Friday, May 28, 2010


The top picture shows the Pachmyer Presentation rubber revolver grip. It is my favorite revolver grip. I've carried them for thirty years, and my accuracy and enjoyment of shooting revolvers, particularly powerful or light revolvers, increased exponentially since I began using Pachmyer grips in 1981. Basically, if a pistol of mine can have Pachmyers, it does.
Glocks, other plastic handled pistols and other types of guns for which no Pachmyers are made or will fit on do exist, of course. But over the years, various Pythons, Hi-Powers, Commanders, a wide range of revolvers and even several Thompson Contender pistols.
So I was able to shoot the venerable Smith and Wesson Model 1917 in .45 A.C.P. that I've written about before. It does attract attention at the range when I pull that out because of it's vintage self with modern grips on it. I mean, it looks just like any other S&W N Frame when you put Pachmyers on it because that's what it is, the first of the N Frames.
Of course, the 5 and 1/2 inch barrel and the unique front sight attract the attention. The watchers, who own Sigs and HKs and Glocks and come to the range with their guns in the little cases they bought them in and who have never owned a revolver, are fascinated with the full-moon clips I used to load and then eject a smoking heap of six spent cartridges on the table. It is the most amazingly quiet big bore gun I've ever shot, and it kicks about like you're shooting a .380 size shell instead of a .45 ACP round.
El Fisho Jr., of course, goes to town on the gun, which catches their interest even more, as he double action fires as fast as the range folks will let him, and makes a decent size group at 20 feet.
El Fisho Jr. would gladly go through a box of ammo with this gun every session if he could, it's that fun to shoot.
And I've solved the point of aim problem. The top part of the front blade sight on my gun is bent, and after talking to several experienced revolver gunsmiths they tell me to try to deal with it. No one wants to mess with it and break it.
So tonight I found that if you let the front blade reside fully in the rear notch as normal, but let the blade touch the right side of the notch, to the immediate left of the blade is the point of impact. I shot a rapid fire DA group of about 3" at 15 feet once I figured out how to hit a point of aim. So the sight will be fine. I showed it to El Fisho Jr. and he adapted right away and then shot a better group than I did with the gun.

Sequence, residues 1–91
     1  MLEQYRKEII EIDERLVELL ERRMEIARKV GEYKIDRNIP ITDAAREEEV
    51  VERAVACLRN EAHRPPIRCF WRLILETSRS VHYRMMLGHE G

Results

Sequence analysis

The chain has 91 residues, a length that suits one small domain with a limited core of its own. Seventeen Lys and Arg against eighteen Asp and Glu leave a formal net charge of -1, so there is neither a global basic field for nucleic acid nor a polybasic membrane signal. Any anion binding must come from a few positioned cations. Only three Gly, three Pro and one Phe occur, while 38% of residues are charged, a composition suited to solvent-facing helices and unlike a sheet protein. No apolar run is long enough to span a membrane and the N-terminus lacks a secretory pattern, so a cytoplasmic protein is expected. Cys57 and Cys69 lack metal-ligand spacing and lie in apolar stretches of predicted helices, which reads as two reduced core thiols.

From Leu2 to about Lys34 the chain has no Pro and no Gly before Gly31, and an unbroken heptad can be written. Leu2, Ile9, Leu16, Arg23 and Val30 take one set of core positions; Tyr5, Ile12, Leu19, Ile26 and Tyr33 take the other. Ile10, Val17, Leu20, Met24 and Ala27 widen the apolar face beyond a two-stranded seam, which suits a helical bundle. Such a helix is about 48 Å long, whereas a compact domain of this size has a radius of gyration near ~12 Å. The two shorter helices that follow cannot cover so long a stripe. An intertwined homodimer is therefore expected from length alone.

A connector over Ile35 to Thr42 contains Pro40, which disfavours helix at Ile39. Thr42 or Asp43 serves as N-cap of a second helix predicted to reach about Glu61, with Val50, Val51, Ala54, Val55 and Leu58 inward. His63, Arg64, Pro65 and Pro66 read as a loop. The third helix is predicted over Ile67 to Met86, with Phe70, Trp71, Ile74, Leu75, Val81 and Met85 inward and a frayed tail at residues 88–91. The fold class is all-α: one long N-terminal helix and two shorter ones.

I just wish I had this same gun with a 3" barrel so it could be carried. Yes, you can buy lighter .45 ACP snubbies, but the 325's seem wider to me in the cylinder area than my 1917. As it is, what a surprise that my dad had this gun and moreso that it's a great shooter.
If it could talk there would be some interesting stories this pistol could tell, after years in Brazil (either in military or police or guard service), and then all the hands it passed through getting it's way to my dad, probably at a gun show somewhere for about $100 after it had been refurbished and parkerized.
By it's serial number and a man named Roy Jinks from S&W, I know it didn't see WWII service, since it was part of the 1946 shipment of guns to Brazil, although the gun could have been laying around in any state since the frame was stamped in 1938. What is known is that it was shipped new to Brazil in 1946.
We shot the 1917 several times and again, once we figured out where the point of aim was, it's a dang accurate gun and a sheer pleasure to shoot. The most fun big bore pistol I've ever shot. It doesn't even SOUND like a big gun when it shoots. It goes "KA-POW!!!", instead of KAPOW!!!!! like most other big bore or powerful guns sound when shot.
We wear hearing protection, of course, but you can clearly discern a massive decrease in volume between the M1917 and a 1911 or Glock/HK/SIG in .45 ACP. It is far quieter than the 6" barreled S&W Model 25-5's that I owned in my twenties and thirties, and the M1917 shoots better and kicks far less than it's heavier N Frame breathren. I do not understand why it kicks less than all of these other guns shooting same or in some cases, smaller cartridges, but I'm so glad that it's recoil is extra mild, and I'm not kidding.